Welcome to the Annulment department of Divorce and FamilyLawService Center. Here we will discuss what annulment means and when it is an option for ending a marriage. We will talk about what makes a marriage void under the law. Lastly, we will discuss how annulment and divorce differ and in what ways they are the same.

What is annulment?

At the root of an annulment is the fact that, for reasons we will discuss below, the marriage was invalid in the first place. Because the marriage was never legally valid, an annulment wipes the marriage from the record as if the marriage never took place. On the other hand, divorce is the legal action that ends a legal and valid marriage. There are special cases when custody and property need to be divided in an annulment, but happens rarely.

Is the marriage eligible for annulment?

There are laws that govern marriage. If the marriage breaks one of those laws it is eligible for annulment. In addition, there may be bit of gray area, in some instances, as to whether or not the marriage is valid. Avoidable marriage involves fraud, misrepresentation, concealment, lack of consent, or an inability or refusal to consummate the marriage. Typically annulments occur within days, weeks, or months of the marriage but more rarely, depending on the circumstances, annulments can occur much later.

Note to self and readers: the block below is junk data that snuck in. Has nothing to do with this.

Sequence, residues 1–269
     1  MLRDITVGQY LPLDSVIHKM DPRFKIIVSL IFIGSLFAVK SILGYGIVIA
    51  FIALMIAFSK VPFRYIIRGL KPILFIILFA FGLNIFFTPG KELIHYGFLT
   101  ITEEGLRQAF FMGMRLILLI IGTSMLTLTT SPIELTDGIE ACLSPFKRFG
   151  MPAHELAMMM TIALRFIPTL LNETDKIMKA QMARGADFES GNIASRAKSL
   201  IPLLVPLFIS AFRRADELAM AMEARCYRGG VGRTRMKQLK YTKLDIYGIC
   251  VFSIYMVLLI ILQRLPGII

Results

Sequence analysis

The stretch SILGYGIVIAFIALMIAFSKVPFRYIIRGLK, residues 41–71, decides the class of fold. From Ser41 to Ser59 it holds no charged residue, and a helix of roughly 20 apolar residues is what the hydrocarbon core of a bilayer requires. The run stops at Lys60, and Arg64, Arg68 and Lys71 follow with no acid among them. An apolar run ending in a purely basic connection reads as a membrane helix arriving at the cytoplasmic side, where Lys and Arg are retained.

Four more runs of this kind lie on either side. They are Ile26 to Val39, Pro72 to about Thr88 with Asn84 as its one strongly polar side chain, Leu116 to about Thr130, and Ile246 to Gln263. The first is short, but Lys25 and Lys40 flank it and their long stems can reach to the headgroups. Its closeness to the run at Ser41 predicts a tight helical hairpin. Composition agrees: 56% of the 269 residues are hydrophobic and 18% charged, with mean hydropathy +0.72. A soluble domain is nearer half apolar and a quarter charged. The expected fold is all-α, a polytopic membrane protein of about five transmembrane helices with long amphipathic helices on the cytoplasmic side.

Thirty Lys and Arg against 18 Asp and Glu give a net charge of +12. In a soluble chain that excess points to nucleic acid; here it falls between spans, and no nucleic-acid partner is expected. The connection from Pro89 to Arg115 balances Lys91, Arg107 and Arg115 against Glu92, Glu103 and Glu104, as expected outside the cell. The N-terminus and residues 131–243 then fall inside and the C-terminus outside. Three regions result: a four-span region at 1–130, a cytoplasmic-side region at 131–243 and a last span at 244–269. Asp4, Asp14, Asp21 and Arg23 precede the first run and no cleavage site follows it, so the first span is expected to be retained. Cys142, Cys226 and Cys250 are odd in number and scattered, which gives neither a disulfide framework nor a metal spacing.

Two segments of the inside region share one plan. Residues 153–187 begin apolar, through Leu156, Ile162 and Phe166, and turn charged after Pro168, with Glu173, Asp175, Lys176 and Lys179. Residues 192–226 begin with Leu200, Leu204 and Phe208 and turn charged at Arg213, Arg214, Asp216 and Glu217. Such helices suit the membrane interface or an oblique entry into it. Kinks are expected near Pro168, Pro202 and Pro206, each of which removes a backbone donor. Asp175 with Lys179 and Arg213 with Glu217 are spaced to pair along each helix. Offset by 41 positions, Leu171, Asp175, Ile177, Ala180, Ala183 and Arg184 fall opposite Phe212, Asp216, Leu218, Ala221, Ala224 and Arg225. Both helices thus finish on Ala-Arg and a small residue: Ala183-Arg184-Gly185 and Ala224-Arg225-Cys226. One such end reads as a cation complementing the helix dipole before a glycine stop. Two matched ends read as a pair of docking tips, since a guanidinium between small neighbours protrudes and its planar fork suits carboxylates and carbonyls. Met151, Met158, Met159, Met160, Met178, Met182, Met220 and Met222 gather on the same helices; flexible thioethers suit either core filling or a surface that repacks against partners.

The courts need proof to establish the marriage is invalid. A marriage is void if the marriage is entered into while married to another (bigamy) or when it is entered into with a relative (incest). If the marriage is entered into under duress or by force, the marriage is void. If the marriage is entered into while under the influence of drugs/alcohol to the extent that the spouse(s) is unaware of the ramifications of their actions or the marriage was performed under false pretenses as in a mock wedding, the marriage may be voidable. If the spouse(s) is incapable of giving legal consent as in insanity, temporary insanity, mental handicap, or mental illness; grounds for annulment may be established. If information arises in the marriage that was not known prior to the marriage such as conviction of a felony, jail time, or drug/alcohol/sex addiction there may be grounds for an annulment. Refusal or inability (impotence) to consummate the marriage may establish reason for annulment. A very common reason for considering an annulment is one spouse wants children and one does not. Because same sex marriage is not legal in all but a few states, those marriages are also candidates for annulment.

Divorce vs. Annulment

Annulment and divorce have some similarities and some major differences. Just as in divorce, in some annulment case, a spouse may receive property and support. Similarly, the children from the marriage are considered legitimate after both divorce and annulment. An annulment and a divorce are both court orders ending the marriage. The biggest difference is an annulment order removes the marriage from the record as if it never occurred in the first place. Some churches only allow a marriage if a divorce has not occurred. A divorce order ends the legal marriage, but a record of the marriage is preserved.